Nostalgia, does it blind you to the truth?

When someone asks you to recommend them a game, what do you tell them? Do you truly think about what the best possible game for them might be, or do you tell them about a game you liked? Well, most of us do the latter. We will tell them to check out a game we liked, which they may like, and possibly try to even talk them into buying it. But, is that game really as good as we say it is? Or could we just be blinded by nostalgia?

Although nostalgia is great, it can sometimes be hard to get past it. When we look back at some of our favorite games, we tend to remember all of the good times we had playing it. We might remember the day we bought it, how excited we were when we rushed home to play it, we will remember the moments which amazed us, and we will also remember any time we spent playing it with friends. As we play games, we make memories, and we keep these memories with us forever. Every time you look at that game, these memories will come back to the surface, and it will almost be as if you were taken back in time. It really is a great feeling, but at the same time, it is a feeling which can hinder you.

If you are a gamer who jumps from game to game like wildfire, then over time you will notice things changing for you. While you may find many games you love, sooner or later you'll start to fall into a rut. Games will begin to blend together, and before you know it you'll start to consider "new" games as "rip offs" of older ones. Your nostalgia for the games of old will take hold of you, and that in return will most likely damage your gaming experience. Rather than enjoying what you have now, you will long for the past. However, you may also come to realize that past isn't as great as you thought it was. When you finally do return to that past you so long for, what awaits you may not always be what you thought.

What a lot of people may not realize is, their favorite games aren't always as perfect as they remembered them. Games mechanics may be outdated in older titles, there may be major glitches or bugs, the gameplay may not be as solid as they thought it was, and games with "amazing stories" may actually be just a generic story they had just experienced for the first time. In reality, our memories can lie to us, and make us believe whatever we want to believe. It actually happens all the time, but some people just flat out refuse to acknowledge it. On the other hand, nostalgia itself can still blind us as well. Even if we see how bad a game might actually be, we may still love it just because of our memories. Still, does that mean you can recommend it to a friend over another game? Maybe not, but we still do it anyway.

Although a lot of game series out there may cause debates between their fans on which entry is "better," a great example of this is can be found within the fanbase of the "Tales of" series. The Tales of games are typically action rpgs with a battle system which barrows elements from that of a fighting game, and most of them share a lot of the same themes and elements. Each game typically has a character going on the run from the government, a war normally breaks out at some point, and the heroes almost always save the world at the end. These plot points and other gameplay elements are shared across the series, but fans will still debate which game truly is the better one, and their opinions may not always be based on which game is truly better, but on their nostalgia.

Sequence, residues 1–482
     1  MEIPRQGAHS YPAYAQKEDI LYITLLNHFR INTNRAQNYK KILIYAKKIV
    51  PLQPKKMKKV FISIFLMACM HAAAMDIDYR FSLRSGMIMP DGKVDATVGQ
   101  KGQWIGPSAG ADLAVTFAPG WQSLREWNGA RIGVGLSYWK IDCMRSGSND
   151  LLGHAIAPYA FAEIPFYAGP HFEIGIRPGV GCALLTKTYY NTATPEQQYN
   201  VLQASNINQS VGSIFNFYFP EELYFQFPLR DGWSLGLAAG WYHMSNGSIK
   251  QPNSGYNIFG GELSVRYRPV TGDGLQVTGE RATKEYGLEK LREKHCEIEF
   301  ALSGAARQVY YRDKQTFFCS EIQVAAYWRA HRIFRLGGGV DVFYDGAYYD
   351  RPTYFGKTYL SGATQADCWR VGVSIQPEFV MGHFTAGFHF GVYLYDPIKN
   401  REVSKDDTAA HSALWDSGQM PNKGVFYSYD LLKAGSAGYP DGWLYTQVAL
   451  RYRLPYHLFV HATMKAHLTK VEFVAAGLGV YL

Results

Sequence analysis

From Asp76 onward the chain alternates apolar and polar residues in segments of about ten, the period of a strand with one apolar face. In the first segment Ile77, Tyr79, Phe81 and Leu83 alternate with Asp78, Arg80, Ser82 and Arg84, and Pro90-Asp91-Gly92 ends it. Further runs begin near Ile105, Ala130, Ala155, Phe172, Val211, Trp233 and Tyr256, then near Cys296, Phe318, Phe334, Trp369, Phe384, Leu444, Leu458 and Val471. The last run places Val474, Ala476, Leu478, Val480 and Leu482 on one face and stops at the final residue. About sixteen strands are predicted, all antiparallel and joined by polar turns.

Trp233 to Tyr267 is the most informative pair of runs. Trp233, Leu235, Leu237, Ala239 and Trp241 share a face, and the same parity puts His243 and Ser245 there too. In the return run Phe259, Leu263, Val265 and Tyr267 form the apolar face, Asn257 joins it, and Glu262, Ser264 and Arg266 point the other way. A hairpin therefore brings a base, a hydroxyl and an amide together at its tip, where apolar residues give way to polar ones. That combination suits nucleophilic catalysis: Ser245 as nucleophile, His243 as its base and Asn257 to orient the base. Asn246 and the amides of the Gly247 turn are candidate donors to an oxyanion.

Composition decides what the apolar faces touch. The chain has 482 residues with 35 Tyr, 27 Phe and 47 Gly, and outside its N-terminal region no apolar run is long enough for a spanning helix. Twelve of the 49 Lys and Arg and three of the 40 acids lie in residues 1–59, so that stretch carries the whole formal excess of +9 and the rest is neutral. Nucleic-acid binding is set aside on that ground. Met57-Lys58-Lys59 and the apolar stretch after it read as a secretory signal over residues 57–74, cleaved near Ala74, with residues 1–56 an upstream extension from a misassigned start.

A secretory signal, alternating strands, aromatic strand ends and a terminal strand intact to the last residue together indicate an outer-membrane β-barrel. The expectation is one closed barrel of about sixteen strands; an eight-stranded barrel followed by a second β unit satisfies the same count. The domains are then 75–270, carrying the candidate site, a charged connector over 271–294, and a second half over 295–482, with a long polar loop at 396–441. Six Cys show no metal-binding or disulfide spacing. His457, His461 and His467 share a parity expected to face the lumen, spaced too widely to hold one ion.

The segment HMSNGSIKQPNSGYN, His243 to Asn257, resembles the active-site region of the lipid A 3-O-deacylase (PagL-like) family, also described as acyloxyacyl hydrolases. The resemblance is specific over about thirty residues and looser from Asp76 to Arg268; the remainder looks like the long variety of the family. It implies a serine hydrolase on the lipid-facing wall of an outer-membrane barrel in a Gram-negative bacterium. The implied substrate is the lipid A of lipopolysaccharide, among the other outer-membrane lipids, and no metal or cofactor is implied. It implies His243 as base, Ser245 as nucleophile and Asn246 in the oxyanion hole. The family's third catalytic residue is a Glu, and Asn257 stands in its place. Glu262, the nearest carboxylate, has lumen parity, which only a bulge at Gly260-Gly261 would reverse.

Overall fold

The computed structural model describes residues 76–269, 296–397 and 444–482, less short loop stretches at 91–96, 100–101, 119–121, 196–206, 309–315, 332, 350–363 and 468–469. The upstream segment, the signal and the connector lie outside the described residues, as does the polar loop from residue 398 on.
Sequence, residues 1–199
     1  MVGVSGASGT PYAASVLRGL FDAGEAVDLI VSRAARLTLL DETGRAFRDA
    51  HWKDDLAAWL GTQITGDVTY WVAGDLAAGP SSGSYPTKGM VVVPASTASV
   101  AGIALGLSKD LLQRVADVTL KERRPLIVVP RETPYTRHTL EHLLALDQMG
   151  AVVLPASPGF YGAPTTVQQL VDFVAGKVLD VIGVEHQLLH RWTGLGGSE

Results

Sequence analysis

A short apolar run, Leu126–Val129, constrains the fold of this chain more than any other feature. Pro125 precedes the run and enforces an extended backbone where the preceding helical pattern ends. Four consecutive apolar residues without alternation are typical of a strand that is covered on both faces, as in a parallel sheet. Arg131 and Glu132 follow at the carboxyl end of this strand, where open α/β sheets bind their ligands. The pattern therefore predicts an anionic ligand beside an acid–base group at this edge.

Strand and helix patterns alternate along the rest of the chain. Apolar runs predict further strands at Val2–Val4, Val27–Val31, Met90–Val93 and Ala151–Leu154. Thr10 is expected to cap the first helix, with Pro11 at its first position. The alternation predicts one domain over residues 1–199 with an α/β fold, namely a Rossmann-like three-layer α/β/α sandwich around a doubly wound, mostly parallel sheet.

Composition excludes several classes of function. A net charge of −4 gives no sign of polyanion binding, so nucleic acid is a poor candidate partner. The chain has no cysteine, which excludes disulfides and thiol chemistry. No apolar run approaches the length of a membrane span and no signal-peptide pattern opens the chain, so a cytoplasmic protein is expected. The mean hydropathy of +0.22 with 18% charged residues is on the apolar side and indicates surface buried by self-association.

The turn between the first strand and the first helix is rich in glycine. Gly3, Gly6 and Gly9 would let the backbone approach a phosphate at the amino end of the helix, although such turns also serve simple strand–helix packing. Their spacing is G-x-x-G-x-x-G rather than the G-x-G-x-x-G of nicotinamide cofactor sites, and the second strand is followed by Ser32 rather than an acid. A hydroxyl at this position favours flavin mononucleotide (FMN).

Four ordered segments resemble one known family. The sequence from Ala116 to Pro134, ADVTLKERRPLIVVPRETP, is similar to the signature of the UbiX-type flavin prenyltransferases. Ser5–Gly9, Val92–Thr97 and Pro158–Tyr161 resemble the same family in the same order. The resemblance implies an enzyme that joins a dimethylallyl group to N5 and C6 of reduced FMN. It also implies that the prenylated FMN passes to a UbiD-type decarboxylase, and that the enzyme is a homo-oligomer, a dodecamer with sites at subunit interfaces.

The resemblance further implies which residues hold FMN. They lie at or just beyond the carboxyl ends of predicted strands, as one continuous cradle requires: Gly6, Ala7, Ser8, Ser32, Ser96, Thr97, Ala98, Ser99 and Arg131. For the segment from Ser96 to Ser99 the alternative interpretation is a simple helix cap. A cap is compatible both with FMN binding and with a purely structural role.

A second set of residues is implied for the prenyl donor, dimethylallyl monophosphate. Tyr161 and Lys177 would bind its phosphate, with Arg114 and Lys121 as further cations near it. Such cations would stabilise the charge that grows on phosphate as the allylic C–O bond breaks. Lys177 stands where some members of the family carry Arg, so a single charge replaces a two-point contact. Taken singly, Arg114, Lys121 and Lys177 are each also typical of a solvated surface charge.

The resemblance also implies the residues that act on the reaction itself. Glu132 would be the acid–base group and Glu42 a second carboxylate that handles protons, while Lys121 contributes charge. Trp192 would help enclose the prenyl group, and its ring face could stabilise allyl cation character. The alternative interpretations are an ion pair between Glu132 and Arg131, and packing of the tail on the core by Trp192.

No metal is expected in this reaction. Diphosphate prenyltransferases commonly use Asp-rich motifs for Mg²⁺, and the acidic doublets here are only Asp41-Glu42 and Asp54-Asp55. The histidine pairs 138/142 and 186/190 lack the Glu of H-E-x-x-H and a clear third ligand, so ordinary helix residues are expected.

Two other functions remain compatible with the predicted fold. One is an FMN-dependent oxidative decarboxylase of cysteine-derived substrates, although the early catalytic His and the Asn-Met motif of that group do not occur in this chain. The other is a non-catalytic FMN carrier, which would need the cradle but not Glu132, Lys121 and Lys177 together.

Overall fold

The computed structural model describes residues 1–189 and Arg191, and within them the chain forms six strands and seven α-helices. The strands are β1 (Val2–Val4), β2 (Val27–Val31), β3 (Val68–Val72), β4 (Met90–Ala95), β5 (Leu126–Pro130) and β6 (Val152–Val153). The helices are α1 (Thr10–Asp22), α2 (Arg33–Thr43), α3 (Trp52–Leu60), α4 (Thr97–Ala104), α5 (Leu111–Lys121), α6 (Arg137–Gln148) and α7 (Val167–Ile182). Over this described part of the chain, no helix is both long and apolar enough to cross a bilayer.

While it isn't always the case, a lot of Tales of fans may say that their first game in the series is the "best." When Tales of Symphonia came out on the GameCube, it was a hit in the west, and a large fanbase formed. Most of these fans love the game even today, and a lot of them may claim that it is still the better Tales of; however, on the other hand, PlayStation 2 players may disagree. With Tales of Symphonia's PS2 version remaining Japanese exclusive, many fans in the west either played Tales of the Abyss or Tales of Legendia. While gameplay wise Tales of the Abyss was technically "improved" over Symphonia, Legendia was what some might consider a major step back (considering it returned to the series' 2D style). Even so, players who jumped into Legendia first may still find it to be their favorite, despite being a "down grade," and those who jumped into Tales of the Abyss may find it hard to go back to Symphonia, or even play future titles like Tales of Vesperia on the 360 and PS3. When it comes down to it, it isn't always about which game is truly better. If you have good memories of playing a specific title in the series, you'll most likely always think of that title as king.

So, now I ask you to think back... Think about the games you feel nostalgic towards... Are they truly as great as you remember? If you were to play them right now after years avoiding them, will you still have the same experience? Will you still love them? As a reviewer, this is something I ask myself all the time. Before jumping into a game from my past, I always think to myself, "is this game going to be as great as I remember? Will my memories blind me? Or will I finally open my eyes to the truth?" You never really know until you hit that power button. Although, sometimes the truth hurts.

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